Ah, dessert. And candy. And breakfast pastry. And everything in between. How I love you all. So much so that I decided to scrap everything and learn how to make you.
Though I happily went for a degree in graphic design right out of high school, and then spent a few years making a living this way, it wasn’t until I moved to New York and heard the siren call of the incredible restaurant world that I started to have second thoughts about my chosen profession. If you’ve ever been to a fine dining restaurant where they set a towering creation in front of you, you know what I mean. It puts a spell on you, and suddenly you imagine yourself all apron-ed up in a restaurant kitchen balancing a toque on your head while dotting butter cakes with ganache roses.
After about a year of hemming and hawing and indecision about making the switch, I decided what the hell, I’ll try out the pastry world and see what happens. But I didn’t know how to go about it. My experience with professional baking extended to watching the Food Network. I’ve never even waitressed. The restaurant business was as foreign to me as Alaskan crab fishing.
Sure, pastry school was a possibility, but if I wanted to go to the program at the famous Culinary Institute of America, I needed some back-of-the-house experience under my belt. (Apparently, they want you to know the difference between the kitchen reality and the overly-romanticized kitchen fantasy before committing thousands of dollars and years of your life to this pursuit. Rightfully so.)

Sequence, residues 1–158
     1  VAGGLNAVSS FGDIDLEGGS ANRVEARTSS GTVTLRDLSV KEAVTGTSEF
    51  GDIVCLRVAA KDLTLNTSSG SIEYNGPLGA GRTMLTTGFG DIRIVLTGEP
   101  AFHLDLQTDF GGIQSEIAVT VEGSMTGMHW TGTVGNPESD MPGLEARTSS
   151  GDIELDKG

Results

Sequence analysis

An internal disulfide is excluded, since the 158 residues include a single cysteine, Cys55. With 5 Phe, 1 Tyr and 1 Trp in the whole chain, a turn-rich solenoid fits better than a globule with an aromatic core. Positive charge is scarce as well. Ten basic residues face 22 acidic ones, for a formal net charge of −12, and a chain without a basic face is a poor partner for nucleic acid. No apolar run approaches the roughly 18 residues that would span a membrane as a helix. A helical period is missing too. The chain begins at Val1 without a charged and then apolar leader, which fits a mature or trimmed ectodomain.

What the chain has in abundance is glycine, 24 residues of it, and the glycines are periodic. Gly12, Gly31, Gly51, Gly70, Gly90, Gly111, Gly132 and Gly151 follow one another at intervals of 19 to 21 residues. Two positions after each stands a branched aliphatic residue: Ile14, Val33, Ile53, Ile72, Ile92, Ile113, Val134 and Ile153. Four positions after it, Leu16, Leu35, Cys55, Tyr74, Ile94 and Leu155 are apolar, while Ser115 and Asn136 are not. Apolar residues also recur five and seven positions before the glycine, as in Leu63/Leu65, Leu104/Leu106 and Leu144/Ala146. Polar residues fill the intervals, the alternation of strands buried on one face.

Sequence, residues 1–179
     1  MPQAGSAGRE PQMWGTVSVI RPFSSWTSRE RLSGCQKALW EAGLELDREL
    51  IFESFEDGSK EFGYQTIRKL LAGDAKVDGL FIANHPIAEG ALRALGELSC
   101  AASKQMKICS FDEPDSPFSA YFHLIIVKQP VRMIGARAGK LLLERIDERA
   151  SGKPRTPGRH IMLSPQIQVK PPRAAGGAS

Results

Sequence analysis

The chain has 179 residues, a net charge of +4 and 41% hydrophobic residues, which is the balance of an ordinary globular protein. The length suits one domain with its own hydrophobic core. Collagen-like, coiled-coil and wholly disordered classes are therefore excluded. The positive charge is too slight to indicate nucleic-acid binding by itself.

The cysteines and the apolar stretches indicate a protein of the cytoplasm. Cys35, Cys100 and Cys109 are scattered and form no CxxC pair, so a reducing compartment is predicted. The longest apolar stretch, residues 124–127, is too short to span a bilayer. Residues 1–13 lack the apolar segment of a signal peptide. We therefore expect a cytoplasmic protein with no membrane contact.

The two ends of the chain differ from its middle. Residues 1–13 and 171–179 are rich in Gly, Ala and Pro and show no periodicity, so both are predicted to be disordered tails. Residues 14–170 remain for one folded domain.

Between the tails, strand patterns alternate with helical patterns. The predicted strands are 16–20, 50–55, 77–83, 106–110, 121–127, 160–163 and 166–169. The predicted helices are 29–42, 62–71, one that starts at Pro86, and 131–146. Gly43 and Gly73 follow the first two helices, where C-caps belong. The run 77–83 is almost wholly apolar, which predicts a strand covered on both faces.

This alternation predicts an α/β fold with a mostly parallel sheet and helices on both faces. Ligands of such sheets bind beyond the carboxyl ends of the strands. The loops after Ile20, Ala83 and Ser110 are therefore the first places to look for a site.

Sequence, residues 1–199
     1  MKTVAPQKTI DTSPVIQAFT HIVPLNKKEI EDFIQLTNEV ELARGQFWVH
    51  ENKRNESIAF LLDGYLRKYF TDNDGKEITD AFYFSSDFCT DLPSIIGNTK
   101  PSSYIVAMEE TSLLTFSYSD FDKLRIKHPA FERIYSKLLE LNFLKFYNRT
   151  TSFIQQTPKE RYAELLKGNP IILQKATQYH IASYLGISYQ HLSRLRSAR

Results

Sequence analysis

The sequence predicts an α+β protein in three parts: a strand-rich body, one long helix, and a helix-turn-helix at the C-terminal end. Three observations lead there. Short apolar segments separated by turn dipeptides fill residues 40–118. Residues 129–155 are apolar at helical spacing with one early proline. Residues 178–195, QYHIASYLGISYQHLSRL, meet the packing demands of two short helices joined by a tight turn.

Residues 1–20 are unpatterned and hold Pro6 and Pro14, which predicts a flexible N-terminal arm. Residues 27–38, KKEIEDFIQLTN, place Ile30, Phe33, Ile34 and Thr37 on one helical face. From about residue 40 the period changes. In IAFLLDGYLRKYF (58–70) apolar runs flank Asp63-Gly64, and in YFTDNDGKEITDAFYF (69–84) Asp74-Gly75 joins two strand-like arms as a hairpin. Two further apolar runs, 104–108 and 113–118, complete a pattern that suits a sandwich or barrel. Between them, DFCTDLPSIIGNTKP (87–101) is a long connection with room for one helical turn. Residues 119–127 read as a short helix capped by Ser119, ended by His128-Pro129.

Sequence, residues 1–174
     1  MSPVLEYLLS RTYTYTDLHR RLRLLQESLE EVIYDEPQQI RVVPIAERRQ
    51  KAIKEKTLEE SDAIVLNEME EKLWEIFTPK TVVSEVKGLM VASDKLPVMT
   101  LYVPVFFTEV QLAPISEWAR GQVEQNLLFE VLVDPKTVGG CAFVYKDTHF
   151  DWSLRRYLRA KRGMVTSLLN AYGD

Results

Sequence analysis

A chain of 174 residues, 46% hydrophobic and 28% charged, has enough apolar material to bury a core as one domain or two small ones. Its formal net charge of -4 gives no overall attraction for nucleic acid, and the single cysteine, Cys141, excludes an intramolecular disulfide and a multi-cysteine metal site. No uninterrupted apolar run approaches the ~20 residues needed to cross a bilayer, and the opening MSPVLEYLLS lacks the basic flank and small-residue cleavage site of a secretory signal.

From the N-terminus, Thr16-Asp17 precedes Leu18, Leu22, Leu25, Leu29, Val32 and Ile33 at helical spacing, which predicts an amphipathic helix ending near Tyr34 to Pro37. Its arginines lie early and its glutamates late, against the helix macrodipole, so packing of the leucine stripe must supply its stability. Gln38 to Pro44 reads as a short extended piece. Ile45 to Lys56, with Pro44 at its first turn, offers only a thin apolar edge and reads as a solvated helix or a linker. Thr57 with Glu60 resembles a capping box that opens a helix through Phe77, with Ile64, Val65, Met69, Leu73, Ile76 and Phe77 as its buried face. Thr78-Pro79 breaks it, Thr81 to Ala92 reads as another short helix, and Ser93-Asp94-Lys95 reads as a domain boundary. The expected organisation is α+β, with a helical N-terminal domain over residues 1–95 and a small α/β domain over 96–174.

Armed with a list of my top New York City restaurant choices, I began the dreaded cold-calling. Starting with the places closest to my apartment, I dialed nervously and asked to speak to the pastry chef. Some I couldn’t get on the phone. Others seemed to think I was a crazy nut, coming out of the woodwork to infiltrate their kitchen. Finally I got the ear of one open minded chef of Gotham Bar and Grill and I awkwardly explained that I was interested in getting into the profession, and would he be willing to let me intern there, for free, of course. Though he was hesitant, he said he’d be willing to try me out for one day and told me to come in that Friday. A tryout to be an unpaid intern? A funny notion, but now I had my foot in the door! I was flying as high as if I’d just eaten a dozen Snickers.
What I learned that first day is that baking in a restaurant is nothing like baking at home. The quantities are mammoth. I felt like some steel welder handling equipment that weighed as much as a car. There was the giant Hobart mixing bowl that held 50 lbs of dough, the industrial rolling pin that was so heavy, it pulled you forward with every roll, the pastry bag was so big and unwieldy, I felt like I was wrangling a just-caught tuna. The batter dribbled all over my clogs.
And everything had to be done super fast, a constant race against the clock. There is tremendous time pressure in a restaurant kitchen. Not being ready for dinner service meant falling down the rabbit hole. Pure panic.